Of guns and geese: a meta-analytic review of the ‘weapon focus’ literature

Authors: Fawcett, Jonathan M.1; Russell, Emily J.2; Peace, Kristine A.3; Christie, John1

Source: Psychology, Crime and Law, Volume 19, Number 1, 1 January 2013 , pp. 35-66(32)

Publisher: Routledge, part of the Taylor & Francis Group

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Weapon focus is frequently cited as a factor in eyewitness testimony, and is broadly defined as a weapon-related decrease in performance on subsequent tests of memory for those elements of an event or visual scene concurrent to the weapon. This effect has been attributed to either (a) physiological or emotional arousal that narrows the attentional beam (arousal/threat hypothesis), or (b) the cognitive demands inherent in processing an unusual object (e.g. weapon) that is incongruent with the schema representing the visual scene (unusual item hypothesis). Meta-analytical techniques were applied to test these theories as well as to evaluate the prospect of weapon focus in real-world criminal investigations. Our findings indicated an effect of weapon presence overall (g= 0.53) that was significantly influenced by retention interval, exposure duration, and threat but unaffected by whether the event occurred in a laboratory, simulation, or real-world environment.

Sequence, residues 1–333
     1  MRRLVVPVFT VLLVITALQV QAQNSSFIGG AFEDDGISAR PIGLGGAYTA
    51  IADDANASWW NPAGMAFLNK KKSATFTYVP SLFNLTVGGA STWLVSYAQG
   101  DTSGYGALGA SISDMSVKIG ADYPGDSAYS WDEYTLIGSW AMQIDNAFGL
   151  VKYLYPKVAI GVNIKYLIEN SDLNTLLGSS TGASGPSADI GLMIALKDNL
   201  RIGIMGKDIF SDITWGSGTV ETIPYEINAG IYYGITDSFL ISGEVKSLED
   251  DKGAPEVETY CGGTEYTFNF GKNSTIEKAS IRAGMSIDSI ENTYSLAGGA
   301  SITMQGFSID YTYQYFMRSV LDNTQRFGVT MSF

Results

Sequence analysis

Keywords: attention; cognition; eyewitness memory; memory; weapon focus

Document Type: Research Article

DOI: http://dx.doi.org/10.1080/1068316X.2011.599325

Affiliations: 1: Department of Psychology,Dalhousie University, Halifax,Nova Scotia, Canada 2: Department of Psychology,Lakehead University, Thunder Bay,Ontario, Canada 3: Department of Psychology,Grant MacEwan University, Edmonton,Alberta, Canada

Publication date: January 1, 2013

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